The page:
Movies aren’t always a figment of imagination. Some draw inspiration from real lives and true incidences. Tom Hanks starrer and Clint Eastwood directed movie, Sully is exactly that. In January 2009, Captain Chesley Sullenberger and First Officer Jeffrey Skiles miraculously and safely landed US Airways Flight 1549 on the Hudson River. My first reaction resonates with yours because I squeaked: how come a river? But, a decision had to be made and it was made. Decision-making lessons couldn’t have come from anywhere better than through this film.
Sully is that quintessential leader who was forced to take a decision under limiting circumstances with grave understanding of consequences. But his composure at the time when people’s lives depended on him is worthy of a thunderous applause. Here’s what you as leaders can learn from him about decision-making.
In an article written by Captain Sully himself in a leading online magazine, he says, “When our plane lost thrust in both engines, the ‘startle factor’ was huge, and my body reacted in normal physiological ways. I could feel my blood pressure shoot up and my pulse spike. But I had the discipline to compartmentalize these reactions and focus on the task at hand”. This is true for all leaders who work under high-pressure circumstances. What is important for you during such times is to shut down all the disturbing factors and reset your mind to focus better.
Listen to advisors, but don’t let them dictate you
The job of an advisory board is to present you with their point of view, which may or may not be agreeable to you. It is up to you for you have a choice to listen to what they say, but eventually the decision is yours to make. Since you are in the situation, you make a better judge of it. You may have to take a tough call like how Sully does when he abandons the proposed destination to land on one of the either airports close by and instead decides to land on the Hudson, for it could save most lives.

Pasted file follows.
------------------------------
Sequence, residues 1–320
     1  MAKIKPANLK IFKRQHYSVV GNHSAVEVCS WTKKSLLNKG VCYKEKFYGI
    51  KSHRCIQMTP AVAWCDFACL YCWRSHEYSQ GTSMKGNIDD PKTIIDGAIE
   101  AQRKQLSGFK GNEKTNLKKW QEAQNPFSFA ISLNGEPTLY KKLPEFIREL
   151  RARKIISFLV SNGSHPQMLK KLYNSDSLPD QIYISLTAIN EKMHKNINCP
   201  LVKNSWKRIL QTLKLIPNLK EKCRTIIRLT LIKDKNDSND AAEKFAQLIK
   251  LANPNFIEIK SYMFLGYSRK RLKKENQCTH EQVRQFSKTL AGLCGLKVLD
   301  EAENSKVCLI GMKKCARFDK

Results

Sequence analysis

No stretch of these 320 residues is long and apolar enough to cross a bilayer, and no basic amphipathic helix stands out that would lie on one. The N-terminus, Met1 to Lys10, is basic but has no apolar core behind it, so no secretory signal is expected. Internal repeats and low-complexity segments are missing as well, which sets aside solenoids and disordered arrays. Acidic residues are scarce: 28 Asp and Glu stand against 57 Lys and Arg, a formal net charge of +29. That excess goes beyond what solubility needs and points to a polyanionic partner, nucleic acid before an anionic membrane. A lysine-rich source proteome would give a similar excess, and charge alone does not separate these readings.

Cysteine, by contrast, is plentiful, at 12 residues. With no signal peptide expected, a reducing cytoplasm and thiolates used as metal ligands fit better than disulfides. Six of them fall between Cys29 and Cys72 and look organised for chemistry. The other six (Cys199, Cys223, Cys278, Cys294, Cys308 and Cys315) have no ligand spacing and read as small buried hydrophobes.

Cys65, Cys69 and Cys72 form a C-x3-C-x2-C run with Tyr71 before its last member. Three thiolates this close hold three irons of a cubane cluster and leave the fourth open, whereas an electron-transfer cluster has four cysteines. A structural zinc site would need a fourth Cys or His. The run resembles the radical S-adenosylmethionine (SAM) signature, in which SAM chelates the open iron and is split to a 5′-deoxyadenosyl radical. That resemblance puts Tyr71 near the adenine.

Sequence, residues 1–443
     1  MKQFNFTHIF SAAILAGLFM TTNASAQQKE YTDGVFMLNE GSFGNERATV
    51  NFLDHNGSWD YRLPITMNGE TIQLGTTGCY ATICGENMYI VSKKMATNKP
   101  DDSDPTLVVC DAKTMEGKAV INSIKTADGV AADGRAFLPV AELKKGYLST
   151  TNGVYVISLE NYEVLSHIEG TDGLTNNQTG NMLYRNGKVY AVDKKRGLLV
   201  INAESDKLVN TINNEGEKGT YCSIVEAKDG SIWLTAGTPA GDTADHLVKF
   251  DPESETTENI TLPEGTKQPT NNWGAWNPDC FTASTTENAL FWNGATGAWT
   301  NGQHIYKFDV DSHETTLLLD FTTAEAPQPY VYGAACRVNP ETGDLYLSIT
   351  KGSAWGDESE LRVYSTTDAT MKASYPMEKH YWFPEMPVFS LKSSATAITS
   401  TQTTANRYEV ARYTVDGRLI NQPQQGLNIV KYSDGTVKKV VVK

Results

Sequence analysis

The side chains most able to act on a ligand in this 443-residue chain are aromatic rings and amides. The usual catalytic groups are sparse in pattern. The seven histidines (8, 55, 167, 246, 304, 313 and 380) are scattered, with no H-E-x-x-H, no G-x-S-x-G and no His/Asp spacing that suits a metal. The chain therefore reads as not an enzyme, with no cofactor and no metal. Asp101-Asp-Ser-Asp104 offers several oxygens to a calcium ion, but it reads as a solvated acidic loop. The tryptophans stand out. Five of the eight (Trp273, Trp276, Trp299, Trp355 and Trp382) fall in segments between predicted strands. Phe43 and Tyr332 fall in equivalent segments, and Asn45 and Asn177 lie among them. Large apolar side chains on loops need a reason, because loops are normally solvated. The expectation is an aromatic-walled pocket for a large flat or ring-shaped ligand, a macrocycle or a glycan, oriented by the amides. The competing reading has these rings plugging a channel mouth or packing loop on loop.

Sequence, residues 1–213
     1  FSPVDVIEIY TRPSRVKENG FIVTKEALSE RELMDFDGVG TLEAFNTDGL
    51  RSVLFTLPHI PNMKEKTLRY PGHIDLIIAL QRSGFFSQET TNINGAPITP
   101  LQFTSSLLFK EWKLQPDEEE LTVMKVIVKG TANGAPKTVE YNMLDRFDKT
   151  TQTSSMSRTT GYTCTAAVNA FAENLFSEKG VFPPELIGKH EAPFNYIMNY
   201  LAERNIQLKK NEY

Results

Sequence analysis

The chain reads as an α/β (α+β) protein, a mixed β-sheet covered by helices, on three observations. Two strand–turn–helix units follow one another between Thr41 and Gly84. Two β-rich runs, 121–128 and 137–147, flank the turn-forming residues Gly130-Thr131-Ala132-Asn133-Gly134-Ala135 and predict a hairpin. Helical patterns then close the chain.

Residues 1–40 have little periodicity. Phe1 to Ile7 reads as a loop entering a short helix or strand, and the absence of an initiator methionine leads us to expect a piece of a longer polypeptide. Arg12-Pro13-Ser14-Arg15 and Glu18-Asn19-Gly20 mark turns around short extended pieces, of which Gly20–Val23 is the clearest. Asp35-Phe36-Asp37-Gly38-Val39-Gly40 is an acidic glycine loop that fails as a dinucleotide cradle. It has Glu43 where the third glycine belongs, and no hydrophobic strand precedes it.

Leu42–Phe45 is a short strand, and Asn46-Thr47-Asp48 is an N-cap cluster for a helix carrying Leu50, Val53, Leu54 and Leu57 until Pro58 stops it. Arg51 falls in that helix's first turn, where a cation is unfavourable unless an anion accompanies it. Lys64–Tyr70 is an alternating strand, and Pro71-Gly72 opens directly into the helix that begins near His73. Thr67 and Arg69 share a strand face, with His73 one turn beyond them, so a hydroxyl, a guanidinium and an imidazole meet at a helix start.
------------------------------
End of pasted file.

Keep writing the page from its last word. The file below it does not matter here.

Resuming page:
Take care of people under your command
A leader’s responsibility is to nurture everyone under their wing, to take care of them. Moreover, they have to give them the required support and guidance at all times. While the situation may not always be do-or-die in real life like in the movie Sully, but nevertheless. Sullenberger is the last one to get off the sinking fuselage. He goes around in the craft, checking every row if there were any more passengers left to ensure the safety of everyone onboard. He foregoes his safety for those of others. Touché!
Question assumptions, data
According to the National Transportation Safety Board’s investigators, the plane’s engine could have restarted for landing at two proposed airports and that it was Captain Sully’s error of judgement which could have costed lives. To defend his stance, Sully asked for a live demonstration of simulations during the hearings which didn’t work in his favor. Later when the lead investigator asks for new human simulations under more realistic assumptions, it was seen that the plane could have crashed. Both Sully and Skiles are vindicated. In your career, you too may be presented with facts and assumptions will be made. Despite that you’ve got to lead with a vision and without the pressure of being wronged.
So, if you see, decision-making is a complicate process. However, once you have weiged all the pros and cons you will be able to find a solution easily. Also, it helps to think of it by keeping away from stressors that will make you jump to your instincts.